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Corsica Island Province of France

Facts on Corsica Island

Land area: 8,680 kmē
Population: estimated at 279,000
Area: 32/kmē
Capital City: Ajaccio

Corsica Island is the fourth largest island in the Mediterranean Sea, after Cyprus, Sardinia and Sicily islands, and is located to the west of Italy, south east of France, and then to the North of the island of Sardinia and is separated from Sardinia by the Strait of Bonifacio.

Corsica Island

- Travel Guide
- Facts on Corsica
- Corsica Language
- Corsica Wines
- Wines from France

Facts on Corsica Island Province of France

Corsica is commonly termed as one of the 26 regions of France and it was sold to France in 1768.

However, by law, strictly speaking Corsica is actually a territorial collectivity and as a territorial collectivity, it has slightly more far-reaching powers than other French regions, but for the most part its status is quite similar to that of the other regions in France.

The territorial collectivity is divided in two departments which are the Corse-du-Sud and Haute-Corse.

Corsica has around 1,000km of coastline and more than 200 beaches, and is very mountainous.  This island has a highest peak of 2,706m and 20 other summits of more than 2,000m.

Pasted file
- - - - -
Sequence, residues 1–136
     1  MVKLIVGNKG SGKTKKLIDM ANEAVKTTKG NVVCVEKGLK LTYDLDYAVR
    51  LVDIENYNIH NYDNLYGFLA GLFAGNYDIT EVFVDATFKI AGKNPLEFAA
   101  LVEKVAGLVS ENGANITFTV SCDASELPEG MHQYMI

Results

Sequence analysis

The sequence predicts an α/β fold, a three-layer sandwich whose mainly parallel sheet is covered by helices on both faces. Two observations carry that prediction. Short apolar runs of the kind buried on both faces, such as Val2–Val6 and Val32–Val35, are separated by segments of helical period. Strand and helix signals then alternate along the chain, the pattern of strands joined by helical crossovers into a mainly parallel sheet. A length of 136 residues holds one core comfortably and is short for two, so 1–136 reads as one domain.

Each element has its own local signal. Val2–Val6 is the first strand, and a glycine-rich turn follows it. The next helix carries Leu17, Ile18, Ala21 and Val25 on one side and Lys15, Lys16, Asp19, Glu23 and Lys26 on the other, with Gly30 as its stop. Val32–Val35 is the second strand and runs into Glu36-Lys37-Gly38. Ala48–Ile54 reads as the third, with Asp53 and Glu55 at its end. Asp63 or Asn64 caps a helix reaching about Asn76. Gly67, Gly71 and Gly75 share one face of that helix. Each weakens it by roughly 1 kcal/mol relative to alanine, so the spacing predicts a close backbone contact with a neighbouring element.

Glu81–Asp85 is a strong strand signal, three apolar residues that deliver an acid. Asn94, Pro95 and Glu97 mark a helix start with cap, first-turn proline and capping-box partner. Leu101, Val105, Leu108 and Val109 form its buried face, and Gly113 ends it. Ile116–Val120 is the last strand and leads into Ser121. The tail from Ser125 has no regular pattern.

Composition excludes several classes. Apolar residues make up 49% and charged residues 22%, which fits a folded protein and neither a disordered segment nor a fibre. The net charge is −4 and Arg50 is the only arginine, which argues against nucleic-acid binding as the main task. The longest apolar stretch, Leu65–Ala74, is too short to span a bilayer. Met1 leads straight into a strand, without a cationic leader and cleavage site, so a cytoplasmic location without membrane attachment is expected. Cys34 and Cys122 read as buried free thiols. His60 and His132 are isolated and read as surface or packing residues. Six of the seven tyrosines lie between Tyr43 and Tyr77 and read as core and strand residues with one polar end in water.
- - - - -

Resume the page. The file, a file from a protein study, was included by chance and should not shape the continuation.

The main towns in Corsica are Ajaccio, which is also known by its Latin name of Ajax, Corte, Bastia and Sartene

It has a Mediterranean climate, with hot dry summers and mild yet rainy winters.

Unfortunately many of the mountain forests have been reduced quite considerably due to much of the coastal lowlands being cleared for agriculture, grazing and logging.

However, the island has a natural park, kinown as Parc Naturel Regional de Corse, which protects thousands of rare animal and plant species and was created in 1972.

Also, did you know that Corsica was the birthplace of Napoleon Bonaparte, who was born in Ajaccio in 1769!

Tourism plays a major role in the Corsican economy.   With the pleasant climate and breathtaking views of mountains and coastlines it has become a popular destination among the French and other Western Europeans.   However, the island has not had the same level of intensive development as other parts of the Mediterranean and is thus relatively unspoiled.  Tourism is particularly concentrated in the area around Porto Vecchio and Bonifacio in the south of the island and Calvi in the northwest.

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